Those are the data we want the model to reproduce when it reaches a stable age distribution.
I brute-forced the model fitting, because this is only a blog post and if you think I’m teaching myself approximate Bayesian computation just for a blog post you don’t know me very well. 🙂 I randomly generated hundreds of thousands of parameter sets from uniform distributions, constrained so that the age-specific probabilities of various fates summed to 1, and compared the outputs to the observed data.
Then I realized that this was dumb, and that I needed to impose some additional assumptions to restrict the search to plausible regions of parameter space. Those assumptions seemed plausible to me, but I freely admit they’re based on nothing but gut instinct. I assumed that at least 25% of age 0 ecology PhD holders leave the faculty job market. I assumed that age-specific probabilities of getting hired can’t differ massively from one age to the next (say, by more than 20 percentage points in either direction from age X to X+1). I assumed that at least 50% of age 0 and age 1 faculty job seekers who don’t get hired stay on the job market for another year. And I assumed that, after age 1, age-specific probabilities of leaving the job market can’t differ massively from one year to the next. Then I randomly generated hundreds of thousands of parameter sets satisfying those constraints and checked whether any reproduced the data well.
Results and discussion
The best fitting parameter sets reproduced almost every feature of the data quite well (we’ll come back to that “almost” in a sec…). You can reproduce the annual number of new hires, the mean postdoc age, the full age distribution of new hires, and the fraction of job seekers who eventually obtain a TT job with parameter sets that say the probability of remaining on the job market stays pretty high from year 1 on, that the age-specific probability of getting hired is very low at ages 0-1, and that age-specific hiring probability peaks somewhere around ages 3-5. But you can’t really estimate the age-specific probabilities beyond age 7 or so with any precision. The model mostly just chalks up the rarity of hires of age >7 to rarity of job seekers of age >7.
But you shouldn’t trust any of those results. Because no parameter set–not even one that reproduces other features of the data badly!–comes anywhere close to reproducing the observation that 42% of job seekers get at least one offer in any given year. Every parameter set misses very low on this.
Did you already guess why? Ok, obviously I don’t know for sure why. But I’m pretty sure I know*: my model falsely assumes that everybody who ever goes on the ecology faculty job market does so immediately upon obtaining a PhD. In reality, it’s common for people to wait one or more years post-PhD before starting to apply for faculty positions. Presumably because they don’t want to bother applying before they’re “competitive” (and for other reasons too, I’m sure). Or perhaps I should say, I infer that it’s common, because it nicely explains why the best-fitting parameter sets drastically underestimate the proportion of faculty job seekers who get an offer in any given year. My model is counting many people who aren’t yet on the job market as people who are on the job market but didn’t get an offer.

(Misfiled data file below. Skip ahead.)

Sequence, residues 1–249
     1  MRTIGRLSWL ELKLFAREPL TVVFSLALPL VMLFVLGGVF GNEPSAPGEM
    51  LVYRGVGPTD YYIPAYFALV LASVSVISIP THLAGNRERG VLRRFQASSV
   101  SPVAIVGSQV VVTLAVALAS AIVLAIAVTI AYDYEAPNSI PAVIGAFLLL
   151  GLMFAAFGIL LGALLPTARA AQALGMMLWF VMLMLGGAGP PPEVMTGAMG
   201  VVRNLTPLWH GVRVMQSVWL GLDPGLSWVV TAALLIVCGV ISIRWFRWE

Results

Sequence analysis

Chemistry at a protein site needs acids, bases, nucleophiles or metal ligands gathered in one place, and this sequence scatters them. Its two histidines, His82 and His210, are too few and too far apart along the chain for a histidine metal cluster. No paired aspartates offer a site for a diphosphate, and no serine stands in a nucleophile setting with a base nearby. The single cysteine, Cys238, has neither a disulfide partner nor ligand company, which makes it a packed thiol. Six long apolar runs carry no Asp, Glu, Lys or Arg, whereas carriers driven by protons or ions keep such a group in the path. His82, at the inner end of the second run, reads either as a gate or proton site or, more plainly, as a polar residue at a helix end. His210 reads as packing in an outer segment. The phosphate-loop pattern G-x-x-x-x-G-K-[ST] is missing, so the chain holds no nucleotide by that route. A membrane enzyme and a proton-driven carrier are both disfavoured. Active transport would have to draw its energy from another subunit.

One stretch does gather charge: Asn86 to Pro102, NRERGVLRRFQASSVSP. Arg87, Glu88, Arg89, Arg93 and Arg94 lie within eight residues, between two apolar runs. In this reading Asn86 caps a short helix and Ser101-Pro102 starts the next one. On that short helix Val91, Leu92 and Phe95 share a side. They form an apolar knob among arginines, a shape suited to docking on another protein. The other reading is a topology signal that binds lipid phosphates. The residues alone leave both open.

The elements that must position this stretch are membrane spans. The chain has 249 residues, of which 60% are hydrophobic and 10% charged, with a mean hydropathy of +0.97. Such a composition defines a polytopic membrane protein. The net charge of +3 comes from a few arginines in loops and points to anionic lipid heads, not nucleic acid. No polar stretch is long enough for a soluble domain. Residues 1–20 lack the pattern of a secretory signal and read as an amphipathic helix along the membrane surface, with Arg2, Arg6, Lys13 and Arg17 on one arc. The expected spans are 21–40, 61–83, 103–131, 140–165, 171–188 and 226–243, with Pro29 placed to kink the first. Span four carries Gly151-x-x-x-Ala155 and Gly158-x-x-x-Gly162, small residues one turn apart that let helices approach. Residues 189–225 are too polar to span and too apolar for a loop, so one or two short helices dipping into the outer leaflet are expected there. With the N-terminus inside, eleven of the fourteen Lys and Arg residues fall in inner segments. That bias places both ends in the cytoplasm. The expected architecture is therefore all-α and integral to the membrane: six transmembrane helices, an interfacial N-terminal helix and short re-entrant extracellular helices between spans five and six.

So I (tentatively) learned something here. Apparently it’s quite common–indeed, much more common than I had thought–for ecology PhD holders who will eventually go on the academic job market to wait a while before doing so.**
In principle, we could build a model that allows people to wait before going on the faculty job market. But that model would have too many free parameters to estimate with the available data (really, there are already too many). Many different parameter sets would be about equally consistent with the data.
This is a nice little illustration of the use of quantitative models as a sanity check. It also illustrates the value of a quantitative model that predicts many features of the data, so that when the model is way off you can identify the source of the error and correct it.
*I was totally stumped about it for weeks before it suddenly hit me. Feel free to make fun of me for not realizing it from the get-go.
**Whether they should do that is another question, of course, but it’s one that these data and this model can’t answer. In large part because the answer would be very person-specific; everybody has their own unique circumstances and desires.